Thursday, August 15, 2013

Quizlet Tutorial

Quizlet is a fantastic resource for teachers and students.  It allows individuals the ability to create online study cards for any subject or topic.  In addition, there are a variety of study cards available for users to view and utilize.  Quizlet Tutorial

I have also created a lesson plan for a math class to use Quizlet.  Although it is for a math class, it can easily be used for other subjects.  Quizlet Lesson Plan - Math Specific

Please let me know if you have any additional questions or concerns.

Networked Learning Project - Final Presentation

Thank goodness I was assigned the Networked Learning Project.  I would never have spent the time learning how to use the modes on my digital camera that I have been wanting to use for years.  It was such an educational experience for me and it taught me a lot about researching this topic and resources that are available.

In order to capture what I learned from the NLP, I decided to try Stupeflix to create a movie that would demonstrate the modes I used and some sample photos that I took using each of the modes.  I really liked using Stupeflix and they give you one free movie download for the first movie you create.  It was very easy to create the video and I think it is a great representation of what I learned through the project.

Please enjoy the video and let me know if there are any questions.

Tuesday, August 13, 2013

Module 5 - In what ways could you leverage the power of the Internet to expand work process and product by students?

Throughout the 5 modules I have been constantly thinking about how I could leverage the power of the Internet to expand my students' work process and product.  Each time I think about a different resource or tool that they can use, I immediately begin thinking about how I would teach the students the tool and how I would assess them to determine if they fully understood how to use it.  With that thought in mind, I am starting to really fall for the idea of badges.

As it was stated in the Connected Learning TV - Erin Knights and Open Badges discussion, badges are being seen more in the STEM fields.  

Luckily I teach at a magnet school that focuses on STEM and our math department in our district is all about STEM!  I think my administration would see the badges as a way to increase our students' understanding of STEM, specifically the technology piece, but it would also be a way to expand their work process and product on the Internet.  Badges could be used to develop students' online skills in an academic setting and it would also provide teachers with a form of "assessment" to determine their knowledge of the online resources that they are using.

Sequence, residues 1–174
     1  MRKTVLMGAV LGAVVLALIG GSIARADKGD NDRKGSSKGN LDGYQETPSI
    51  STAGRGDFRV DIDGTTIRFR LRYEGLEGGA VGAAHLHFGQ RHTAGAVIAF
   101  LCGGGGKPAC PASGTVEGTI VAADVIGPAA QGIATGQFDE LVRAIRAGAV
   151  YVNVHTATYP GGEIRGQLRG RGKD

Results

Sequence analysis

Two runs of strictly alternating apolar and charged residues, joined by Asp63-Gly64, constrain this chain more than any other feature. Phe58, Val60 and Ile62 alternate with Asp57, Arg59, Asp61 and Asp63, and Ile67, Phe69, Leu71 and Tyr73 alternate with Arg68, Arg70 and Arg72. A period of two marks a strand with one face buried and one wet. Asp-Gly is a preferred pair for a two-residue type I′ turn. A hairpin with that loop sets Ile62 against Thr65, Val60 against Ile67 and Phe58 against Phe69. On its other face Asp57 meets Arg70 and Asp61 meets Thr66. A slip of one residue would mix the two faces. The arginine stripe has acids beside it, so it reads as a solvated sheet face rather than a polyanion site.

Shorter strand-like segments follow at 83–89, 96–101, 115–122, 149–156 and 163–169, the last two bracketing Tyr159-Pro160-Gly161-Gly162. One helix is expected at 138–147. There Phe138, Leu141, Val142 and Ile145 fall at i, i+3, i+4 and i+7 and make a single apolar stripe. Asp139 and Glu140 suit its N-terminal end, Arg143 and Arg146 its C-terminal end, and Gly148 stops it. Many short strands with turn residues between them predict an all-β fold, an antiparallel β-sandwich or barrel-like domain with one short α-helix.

In her blog post, Marsha Ratzel mentioned how she sees badges as a way to promote students to independently work outside of school to gain knowledge and understanding of the Internet.  Her blog post started with a comment about online digital identity and I too think that the badges could provide an excellent guideline for helping students establish and refine their digital footprint.  As a teacher I sometimes think that my students do not want to learn when they go home, but then I remember how many of my students talk about watching Animal Planet or Discovery Channel.  Kids do like learning when they leave school, as long as it is something they are interested in.  Why not give them something like badges to get them interested in learning about the Internet?  I bet they will be more likely to learn a new skill if it interests them.

The more our students are producing academic work and using the Internet to do so, the more likely it is that their digital footprint will be more of academic based.  I fear that most of my students' digital footprint now is more social and through the IT&DML program, I am learning more each day on how I can provide them with guidance in creating a digital footprint that is a better representation of who they want the world to see them as, rather than how the Internet sees them as.  If that makes any sense at all.

In conclusion, I see myself investigating the possibility of creating or finding badges that the students could use to gain skills that will assist them with expanding their work and product using the Internet.  I am afraid that there are a number of teachers who try to integrate the use of the Internet into their classrooms without thinking of a student's digital footprint.  In my opinion, it is very important that all teachers should educate their students on using the Internet properly to produce work.  Instead of limiting student access to the Internet though, which some teachers may do because they are afraid of digital footprints, teachers should encourage students to use tutorials, guidelines or badges to learn the skills necessary to continually produce work online.

Saturday, August 10, 2013

NLP Blog #4 - Action/Sports Mode and Kid Mode

Initially I was going to use my dog to master the action/sports mode on my digital camera.  Since he prefers to sunbath instead of run around outside recently, I have had to change my subject to my son.  Fortunately he did not have to be prompted to be active, since he is active every waking moment of his life.